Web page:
Sirken: Enabling circular economy in the construction industry

Change is often synonymous with something scary and difficult. There's something deep within us that resists change, and fear is usually the reason. Fear that it requires large resources and valuable hours. But that's not the reality anymore, and the collaboration between Inlet and Sirken shows how change can be made in a simple, efficient, and profitable way.

It all started with…

Sirken was founded by two entrepreneurs who saw a need for change in the well-established construction and civil engineering industry. The industry is one of the cornerstones of the Norwegian economy, but it also accounts for 40% of global CO2 emissions. Where others saw an environmental villain, Peter and Ingvar saw an enormous opportunity. With a clear problem in sight, Sirken became Norway's first self-service warehouse for surplus materials.

"The construction industry accounts for about 1/3 of all waste in Norway. Much of what is defined as waste is really surplus materials. We realized that and addressed it."

Peter Totland, co-founder of Sirken

Today's industry standard is to dispose of waste by delivering it to waste management. Large amounts of this waste are perfectly usable surplus. But as it stands today, it is more economically profitable for companies to dispose of surplus materials and instead purchase new material when needed.

"There are many costs associated with retaining surplus materials for companies. Everything from transport, storage, handling, and administration," explains the self-proclaimed realist.

And that's where the entrepreneurial duo found their gold mine!

Sirken's self-service warehouse

The founders quickly set to work and decided to create a simple, profitable, and sustainable solution. They developed self-service containers where individuals can purchase surplus materials.

The containers are strategically placed at construction sites so that contractors can easily fill them with surplus materials. They are unmanned, so the customer completes the purchase and collects the goods on their own. In this way, large quantities of high-quality materials that would otherwise be discarded are put to good use. It's simple for the contractor, and simple for the customer!

Thomas Wisur, CEO and co-founder of Inlet, praises Sirken's sustainable business model and points to the solution as a great example of circular thinking.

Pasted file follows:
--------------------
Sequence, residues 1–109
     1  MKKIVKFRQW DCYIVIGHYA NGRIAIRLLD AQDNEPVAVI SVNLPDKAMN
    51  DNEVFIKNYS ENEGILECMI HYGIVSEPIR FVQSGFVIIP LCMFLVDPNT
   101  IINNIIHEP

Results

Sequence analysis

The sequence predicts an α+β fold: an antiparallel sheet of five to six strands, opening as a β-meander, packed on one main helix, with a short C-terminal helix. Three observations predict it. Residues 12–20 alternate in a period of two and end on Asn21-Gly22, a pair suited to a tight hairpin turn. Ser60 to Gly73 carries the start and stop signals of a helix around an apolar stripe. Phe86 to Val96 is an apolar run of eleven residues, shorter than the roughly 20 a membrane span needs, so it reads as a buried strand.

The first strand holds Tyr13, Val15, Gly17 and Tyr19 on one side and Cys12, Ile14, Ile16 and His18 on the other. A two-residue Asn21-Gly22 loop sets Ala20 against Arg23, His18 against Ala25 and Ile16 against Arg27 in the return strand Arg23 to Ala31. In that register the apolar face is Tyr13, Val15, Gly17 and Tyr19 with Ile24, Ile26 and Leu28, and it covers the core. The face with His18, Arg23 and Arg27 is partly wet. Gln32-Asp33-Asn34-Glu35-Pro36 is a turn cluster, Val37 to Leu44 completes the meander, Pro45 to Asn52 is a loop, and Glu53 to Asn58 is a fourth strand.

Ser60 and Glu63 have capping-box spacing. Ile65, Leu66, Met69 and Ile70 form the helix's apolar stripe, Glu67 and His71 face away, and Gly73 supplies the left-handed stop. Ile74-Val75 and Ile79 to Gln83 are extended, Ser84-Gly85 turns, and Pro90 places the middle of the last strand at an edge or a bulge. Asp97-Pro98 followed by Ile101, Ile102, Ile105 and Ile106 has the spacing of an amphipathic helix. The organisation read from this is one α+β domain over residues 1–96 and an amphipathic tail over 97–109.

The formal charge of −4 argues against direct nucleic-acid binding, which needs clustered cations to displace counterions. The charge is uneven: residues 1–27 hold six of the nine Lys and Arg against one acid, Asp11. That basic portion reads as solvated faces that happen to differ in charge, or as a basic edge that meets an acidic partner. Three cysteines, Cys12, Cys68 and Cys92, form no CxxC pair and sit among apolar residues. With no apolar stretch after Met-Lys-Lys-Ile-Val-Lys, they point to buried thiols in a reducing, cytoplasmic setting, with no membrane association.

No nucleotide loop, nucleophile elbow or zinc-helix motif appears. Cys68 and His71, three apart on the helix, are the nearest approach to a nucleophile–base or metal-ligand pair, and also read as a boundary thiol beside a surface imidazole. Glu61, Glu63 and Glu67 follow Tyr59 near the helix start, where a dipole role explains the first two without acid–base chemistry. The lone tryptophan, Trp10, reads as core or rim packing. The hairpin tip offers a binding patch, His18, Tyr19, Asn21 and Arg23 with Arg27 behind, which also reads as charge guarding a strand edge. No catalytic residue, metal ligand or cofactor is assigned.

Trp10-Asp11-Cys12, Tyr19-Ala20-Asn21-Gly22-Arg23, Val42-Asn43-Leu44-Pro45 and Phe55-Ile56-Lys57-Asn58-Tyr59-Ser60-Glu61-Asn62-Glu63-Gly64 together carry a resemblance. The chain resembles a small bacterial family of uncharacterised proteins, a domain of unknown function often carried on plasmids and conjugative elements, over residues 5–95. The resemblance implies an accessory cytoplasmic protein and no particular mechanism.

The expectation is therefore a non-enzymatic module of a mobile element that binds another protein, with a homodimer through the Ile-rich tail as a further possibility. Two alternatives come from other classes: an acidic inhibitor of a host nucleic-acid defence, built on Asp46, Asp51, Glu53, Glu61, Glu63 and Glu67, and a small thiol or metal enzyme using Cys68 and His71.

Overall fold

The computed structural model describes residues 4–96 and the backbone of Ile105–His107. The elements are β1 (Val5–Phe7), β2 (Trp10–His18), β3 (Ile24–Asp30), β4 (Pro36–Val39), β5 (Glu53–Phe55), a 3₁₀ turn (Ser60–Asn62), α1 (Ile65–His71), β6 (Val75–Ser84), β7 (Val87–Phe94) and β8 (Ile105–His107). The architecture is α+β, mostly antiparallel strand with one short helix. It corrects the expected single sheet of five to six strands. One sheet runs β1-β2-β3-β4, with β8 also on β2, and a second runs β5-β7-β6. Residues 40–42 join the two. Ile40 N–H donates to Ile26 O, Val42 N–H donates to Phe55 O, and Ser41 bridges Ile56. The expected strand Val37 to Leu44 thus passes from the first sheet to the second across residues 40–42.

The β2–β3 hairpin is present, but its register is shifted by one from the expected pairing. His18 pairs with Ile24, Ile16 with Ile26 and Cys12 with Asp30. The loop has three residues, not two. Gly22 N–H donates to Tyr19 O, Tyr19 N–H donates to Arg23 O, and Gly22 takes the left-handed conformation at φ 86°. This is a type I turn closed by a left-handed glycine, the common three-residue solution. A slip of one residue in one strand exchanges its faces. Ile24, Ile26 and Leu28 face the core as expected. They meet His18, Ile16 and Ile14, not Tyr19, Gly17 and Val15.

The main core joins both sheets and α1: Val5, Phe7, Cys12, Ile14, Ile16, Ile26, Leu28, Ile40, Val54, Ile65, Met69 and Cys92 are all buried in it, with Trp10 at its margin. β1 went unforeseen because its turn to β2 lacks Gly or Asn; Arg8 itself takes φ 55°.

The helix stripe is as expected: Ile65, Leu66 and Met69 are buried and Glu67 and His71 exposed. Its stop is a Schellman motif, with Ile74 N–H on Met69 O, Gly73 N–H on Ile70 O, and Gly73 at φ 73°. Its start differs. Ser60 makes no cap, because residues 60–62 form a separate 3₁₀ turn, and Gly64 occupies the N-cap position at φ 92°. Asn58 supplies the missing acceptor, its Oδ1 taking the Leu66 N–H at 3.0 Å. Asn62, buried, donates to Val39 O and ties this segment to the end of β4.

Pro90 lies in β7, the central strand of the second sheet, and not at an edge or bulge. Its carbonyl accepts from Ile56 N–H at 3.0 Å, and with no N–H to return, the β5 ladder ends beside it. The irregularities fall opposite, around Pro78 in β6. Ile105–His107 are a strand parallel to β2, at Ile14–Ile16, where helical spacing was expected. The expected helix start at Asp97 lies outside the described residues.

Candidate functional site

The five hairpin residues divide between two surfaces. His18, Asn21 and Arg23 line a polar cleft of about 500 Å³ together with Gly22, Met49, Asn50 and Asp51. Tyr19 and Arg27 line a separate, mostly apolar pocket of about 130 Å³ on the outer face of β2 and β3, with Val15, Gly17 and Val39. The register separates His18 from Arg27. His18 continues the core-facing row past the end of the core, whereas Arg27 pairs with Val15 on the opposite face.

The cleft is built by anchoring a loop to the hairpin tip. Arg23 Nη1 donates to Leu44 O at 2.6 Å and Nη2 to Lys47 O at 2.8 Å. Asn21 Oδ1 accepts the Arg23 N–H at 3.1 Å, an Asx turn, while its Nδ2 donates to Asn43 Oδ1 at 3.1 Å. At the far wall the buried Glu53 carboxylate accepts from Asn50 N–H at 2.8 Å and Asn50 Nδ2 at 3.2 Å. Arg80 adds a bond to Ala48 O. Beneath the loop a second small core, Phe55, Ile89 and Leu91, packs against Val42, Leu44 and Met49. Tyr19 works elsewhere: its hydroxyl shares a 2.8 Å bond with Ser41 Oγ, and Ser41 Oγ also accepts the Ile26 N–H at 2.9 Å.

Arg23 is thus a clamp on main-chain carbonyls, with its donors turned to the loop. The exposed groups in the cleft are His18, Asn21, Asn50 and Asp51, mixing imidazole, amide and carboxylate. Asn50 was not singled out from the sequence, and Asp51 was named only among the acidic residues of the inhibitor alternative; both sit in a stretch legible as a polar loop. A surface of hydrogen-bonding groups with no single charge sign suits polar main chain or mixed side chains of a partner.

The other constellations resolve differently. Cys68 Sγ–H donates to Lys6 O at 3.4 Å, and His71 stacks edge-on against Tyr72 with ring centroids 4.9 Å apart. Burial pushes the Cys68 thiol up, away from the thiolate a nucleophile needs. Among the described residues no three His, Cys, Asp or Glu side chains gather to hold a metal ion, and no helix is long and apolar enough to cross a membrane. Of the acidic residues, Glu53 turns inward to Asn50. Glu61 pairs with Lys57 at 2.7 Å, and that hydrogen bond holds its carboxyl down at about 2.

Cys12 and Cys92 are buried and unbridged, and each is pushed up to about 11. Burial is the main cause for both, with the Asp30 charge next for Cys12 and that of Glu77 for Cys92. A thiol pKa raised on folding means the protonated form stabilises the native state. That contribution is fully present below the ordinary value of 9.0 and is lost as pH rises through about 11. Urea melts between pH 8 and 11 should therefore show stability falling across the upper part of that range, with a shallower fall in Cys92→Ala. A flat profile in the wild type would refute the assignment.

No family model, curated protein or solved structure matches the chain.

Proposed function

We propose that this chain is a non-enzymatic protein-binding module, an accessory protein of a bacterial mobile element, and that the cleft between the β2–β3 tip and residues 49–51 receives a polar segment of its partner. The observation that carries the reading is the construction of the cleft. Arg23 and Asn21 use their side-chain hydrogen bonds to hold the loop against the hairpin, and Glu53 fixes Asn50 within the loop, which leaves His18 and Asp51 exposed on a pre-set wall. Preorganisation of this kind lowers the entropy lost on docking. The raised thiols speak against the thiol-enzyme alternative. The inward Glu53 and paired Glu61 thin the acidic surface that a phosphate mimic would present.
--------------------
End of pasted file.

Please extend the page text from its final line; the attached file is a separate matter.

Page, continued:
"Sirken has an exciting business model and stands out as a good example in an industry where even small improvements make a big difference. Sirken's solution represents a huge improvement, and we look forward to seeing the results."

Thomas Wisur, co-founder of Inlet

Collaborating to reach the goal

What started as an idea was quickly realized through a collaboration with Assa Abloy Opening Solutions and Inlet. Inlet made sure that Sirken's own website was connected to the lock system in the containers so that the entire process worked seamlessly.

"It's important for us to help make the solution as simple and intuitive as possible for customers. This increases the likelihood of the containers being used and more surplus materials being reused," says Wisur.

But good collaboration also depends on good communication and quick problem solving. This is something Totland points out as one of Inlet's strengths!

"Inlet is a supplier that stands by you! I remember one Saturday night - around half past ten maybe - when I sent a text message to Wisur. He ended up calling me and solved the problem there and then," concludes Totland.

For us at Inlet, this is testament to the fact that what we do has utility for our customers, and in the long run, society as a whole. By connecting various solutions, we also connect the people behind them. That's where the real value arises.

Are you curious about how Inlet can help automate and simplify your business? Learn more about our automated rental solutions here or contact one of our talented colleagues.

Read more

See all customer cases